We run a research program on Statistical Genomics, with a focus on approaches for identifying novel genetic etiologies of rare diseases. Our group develops statistical and computational methods for biological inference from omics data and clinical data on rare disease patients, particularly those with non-malignant hematological or immune disorders. Our group investigates the role of non-coding mutations and of unconventional genetic architectures in the etiologies of unexplained rare diseases. Our research findings will improve the diagnostic and prognostic utility of genome sequencing. The research themes of our group include:
(1) Modeling of intermediate molecular phenotypes: It is now feasible to generate omics data from disease-relevant tissues in hundreds of study participants. Statistical integration of genome sequencing data with measures of molecular mediators of disease (e.g. gene expression) from rare disease cases and controls can empower the identification of rare variants with deleterious consequences.
(2) Integrating polygenic scores in the modeling of high-penetrance rare variants: Some rare diseases are diagnosed and clinically characterised by reference to a quantitative trait that acts as a causal intermediate (or close proxy) for pathology and symptoms. The extremes of a heritable quantitative trait include individuals with an extreme polygenic load and individuals carrying a small number of rare variants with a large effect on the expected value of the trait. Accounting for the polygenic component of risk in rare variant genetic association studies of rare diseases will boost their statistical power.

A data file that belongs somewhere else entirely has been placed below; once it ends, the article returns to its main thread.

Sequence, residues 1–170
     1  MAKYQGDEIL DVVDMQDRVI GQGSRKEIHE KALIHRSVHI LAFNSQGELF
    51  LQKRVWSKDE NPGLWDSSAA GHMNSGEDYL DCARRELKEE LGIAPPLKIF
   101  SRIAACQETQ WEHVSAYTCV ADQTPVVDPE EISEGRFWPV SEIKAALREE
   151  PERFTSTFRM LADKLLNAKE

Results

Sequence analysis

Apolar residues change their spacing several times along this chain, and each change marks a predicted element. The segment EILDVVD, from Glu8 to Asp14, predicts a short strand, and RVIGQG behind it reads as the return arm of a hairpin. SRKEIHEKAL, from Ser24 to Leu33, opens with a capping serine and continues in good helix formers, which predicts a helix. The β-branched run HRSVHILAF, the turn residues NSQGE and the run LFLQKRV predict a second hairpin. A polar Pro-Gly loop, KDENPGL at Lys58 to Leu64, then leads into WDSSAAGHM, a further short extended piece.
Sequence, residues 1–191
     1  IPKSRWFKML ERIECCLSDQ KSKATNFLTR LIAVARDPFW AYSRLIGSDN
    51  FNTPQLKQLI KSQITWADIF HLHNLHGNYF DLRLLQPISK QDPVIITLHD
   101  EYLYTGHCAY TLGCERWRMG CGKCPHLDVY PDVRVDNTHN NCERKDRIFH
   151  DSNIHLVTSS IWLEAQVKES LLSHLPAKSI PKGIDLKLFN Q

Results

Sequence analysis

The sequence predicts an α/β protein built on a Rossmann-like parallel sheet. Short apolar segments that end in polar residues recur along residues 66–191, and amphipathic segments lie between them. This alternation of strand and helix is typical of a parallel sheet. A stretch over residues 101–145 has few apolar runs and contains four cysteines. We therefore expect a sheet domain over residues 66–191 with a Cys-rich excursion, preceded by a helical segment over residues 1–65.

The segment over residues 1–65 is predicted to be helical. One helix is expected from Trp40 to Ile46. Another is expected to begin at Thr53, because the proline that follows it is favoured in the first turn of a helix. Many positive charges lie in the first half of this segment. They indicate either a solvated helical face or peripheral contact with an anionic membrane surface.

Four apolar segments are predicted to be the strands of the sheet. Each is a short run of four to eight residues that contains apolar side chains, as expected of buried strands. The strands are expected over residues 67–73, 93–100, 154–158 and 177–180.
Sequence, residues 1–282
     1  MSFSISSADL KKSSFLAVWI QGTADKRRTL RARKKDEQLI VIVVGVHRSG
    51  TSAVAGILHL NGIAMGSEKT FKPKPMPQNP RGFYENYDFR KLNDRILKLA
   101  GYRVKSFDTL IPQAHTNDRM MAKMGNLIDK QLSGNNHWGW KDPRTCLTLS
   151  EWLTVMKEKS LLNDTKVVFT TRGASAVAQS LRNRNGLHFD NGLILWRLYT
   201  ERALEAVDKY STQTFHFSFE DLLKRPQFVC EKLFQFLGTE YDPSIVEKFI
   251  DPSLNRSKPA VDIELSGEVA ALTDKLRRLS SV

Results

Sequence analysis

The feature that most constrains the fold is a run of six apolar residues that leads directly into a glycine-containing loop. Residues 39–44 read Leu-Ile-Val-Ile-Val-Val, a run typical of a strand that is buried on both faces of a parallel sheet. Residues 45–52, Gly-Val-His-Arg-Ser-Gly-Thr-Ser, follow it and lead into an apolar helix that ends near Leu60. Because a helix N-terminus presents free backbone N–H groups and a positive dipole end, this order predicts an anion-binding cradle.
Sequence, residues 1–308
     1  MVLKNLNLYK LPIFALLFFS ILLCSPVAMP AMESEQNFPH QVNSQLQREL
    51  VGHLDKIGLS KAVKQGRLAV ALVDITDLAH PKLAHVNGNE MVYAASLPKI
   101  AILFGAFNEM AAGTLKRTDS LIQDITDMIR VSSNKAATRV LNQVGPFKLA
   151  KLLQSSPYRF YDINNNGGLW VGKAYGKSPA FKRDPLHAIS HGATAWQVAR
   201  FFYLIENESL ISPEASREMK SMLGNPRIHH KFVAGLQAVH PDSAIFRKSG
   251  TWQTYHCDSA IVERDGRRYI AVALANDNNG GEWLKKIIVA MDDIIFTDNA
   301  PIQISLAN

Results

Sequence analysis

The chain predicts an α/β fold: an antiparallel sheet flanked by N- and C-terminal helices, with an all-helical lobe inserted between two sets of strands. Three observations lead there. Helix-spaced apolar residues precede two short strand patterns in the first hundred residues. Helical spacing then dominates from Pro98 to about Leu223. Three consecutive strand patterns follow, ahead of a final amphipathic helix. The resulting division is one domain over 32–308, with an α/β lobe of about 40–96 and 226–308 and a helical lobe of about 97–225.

(3) Identifying non-coding mutations that cause rare diseases: Over 200,000 coding mutations have been causally implicated in a rare disease. The number of causal non-coding mutations, however, is three orders of magnitude smaller, in part because their functional effects are often cell type specific and inaccurately predicted by existing algorithms. The development of computational methods for estimating purifying selection from large genetic datasets and for identifying the locations of regulatory elements in disease-relevant cell types, will accelerate the discovery of novel causes of disease in the non-coding regions of the human genome.
(4) Investigating the genetics of non-malignant blood-related disorders: Unexplained inherited hematological and immune disorders are attractive targets of methodological omics research because blood samples from study participants can be accessed non-invasively. Furthermore, understanding the etiologies of certain types of these diseases (e.g. platelet disorders) may be of relevance to very common medical conditions such as heart attack and stroke. The cheapening of whole-genome sequencing and the recent publication of reference transcriptomic and epigenetic maps of mature blood cells and blood cell progenitors, make it the perfect time for studying the etiologies of hematological disorders. This can be achieved in collaboration with clinical researchers in the USA, the UK (through the 100,000 Genomes project) and beyond.